By Michael P. Neufeld
Sacramento, CA – Governor Jerry Brown tweeted about two new social media laws that go into effect January 1.
In fact, the governor utilized Twitter, MySpace, Google+, LinkedIn and Facebook to announce he had signed the two bills that increase privacy protections for residents who use social media. The two bills prohibit universities and employers from requiring applicants to give up their E-mail or social media credentials and related private content.
Last year, the vetting of social media content gained national attention when a corrections officer in the state of Maryland revealed he had been required to provide his Facebook user name and password before he could get recertified. Even Facebook got involved because they said it was in violation of its terms of service and guidelines.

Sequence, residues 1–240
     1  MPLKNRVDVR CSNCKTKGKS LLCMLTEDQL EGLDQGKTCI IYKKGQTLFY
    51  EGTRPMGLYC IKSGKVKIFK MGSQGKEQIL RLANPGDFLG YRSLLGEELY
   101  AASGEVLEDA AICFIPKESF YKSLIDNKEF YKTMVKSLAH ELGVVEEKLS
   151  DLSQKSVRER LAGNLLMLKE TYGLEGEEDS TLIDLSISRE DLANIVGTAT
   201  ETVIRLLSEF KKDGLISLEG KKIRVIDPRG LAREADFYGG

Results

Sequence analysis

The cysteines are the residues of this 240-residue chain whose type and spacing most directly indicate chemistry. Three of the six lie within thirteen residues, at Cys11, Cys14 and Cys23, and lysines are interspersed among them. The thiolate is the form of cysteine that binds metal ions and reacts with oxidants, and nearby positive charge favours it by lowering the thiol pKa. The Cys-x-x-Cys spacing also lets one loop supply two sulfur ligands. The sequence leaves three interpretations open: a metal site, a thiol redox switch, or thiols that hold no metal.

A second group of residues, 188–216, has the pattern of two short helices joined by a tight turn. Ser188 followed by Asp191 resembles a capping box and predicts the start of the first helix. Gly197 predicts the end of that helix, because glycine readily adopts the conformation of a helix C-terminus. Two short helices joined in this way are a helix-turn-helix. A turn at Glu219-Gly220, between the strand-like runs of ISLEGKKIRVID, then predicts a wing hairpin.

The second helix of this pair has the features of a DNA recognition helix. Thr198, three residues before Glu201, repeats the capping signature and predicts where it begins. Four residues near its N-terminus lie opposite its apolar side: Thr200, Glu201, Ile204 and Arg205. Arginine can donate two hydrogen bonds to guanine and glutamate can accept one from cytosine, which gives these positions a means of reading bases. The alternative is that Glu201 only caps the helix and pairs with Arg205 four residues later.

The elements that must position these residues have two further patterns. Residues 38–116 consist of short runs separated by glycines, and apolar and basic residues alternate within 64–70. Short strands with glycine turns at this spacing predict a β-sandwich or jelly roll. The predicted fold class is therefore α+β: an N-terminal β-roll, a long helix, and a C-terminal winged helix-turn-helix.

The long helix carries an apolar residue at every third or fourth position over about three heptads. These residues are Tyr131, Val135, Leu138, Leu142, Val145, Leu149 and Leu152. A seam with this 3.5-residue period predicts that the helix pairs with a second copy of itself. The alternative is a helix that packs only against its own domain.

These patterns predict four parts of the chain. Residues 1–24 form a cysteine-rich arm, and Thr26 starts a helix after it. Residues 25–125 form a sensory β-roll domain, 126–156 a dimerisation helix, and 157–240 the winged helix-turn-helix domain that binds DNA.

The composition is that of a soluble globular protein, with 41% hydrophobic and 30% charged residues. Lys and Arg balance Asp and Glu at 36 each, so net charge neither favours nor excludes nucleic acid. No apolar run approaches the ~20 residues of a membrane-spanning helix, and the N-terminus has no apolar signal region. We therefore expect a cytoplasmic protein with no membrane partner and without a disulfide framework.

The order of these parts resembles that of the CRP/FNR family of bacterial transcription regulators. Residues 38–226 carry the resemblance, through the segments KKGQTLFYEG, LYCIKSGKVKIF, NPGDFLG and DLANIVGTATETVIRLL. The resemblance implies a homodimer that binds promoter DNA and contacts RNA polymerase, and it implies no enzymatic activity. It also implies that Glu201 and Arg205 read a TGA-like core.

A.B. 1844 – SOCIAL MEDIA (Nora Campos – D-San Jose) – Prohibits California employers from demanding user names, passwords or any other information related to social media accounts from employees and applicants for positions with a company. Employers are also banned from discharging or disciplining employees who decline to divulge such information under the terms of the legislation. However, this restriction does not apply to passwords or other information used to access employer-issued electronic device4s, In addition, the bill stipulates that nothing in its language is intended to infringe on employers’ existing rights and obligations to investigate misconduct in the workplace.
EDITOR’S NOTE: Yee’s student law only applies to post-secondary students (universities, colleges, etc.), meaning high school students in the Golden State — who are increasingly utilizing social media to capture intimate details of their lives — will not be afforded the same social media protection.
Click on the following links for additional stories related to new California laws effective January 1, 2013.
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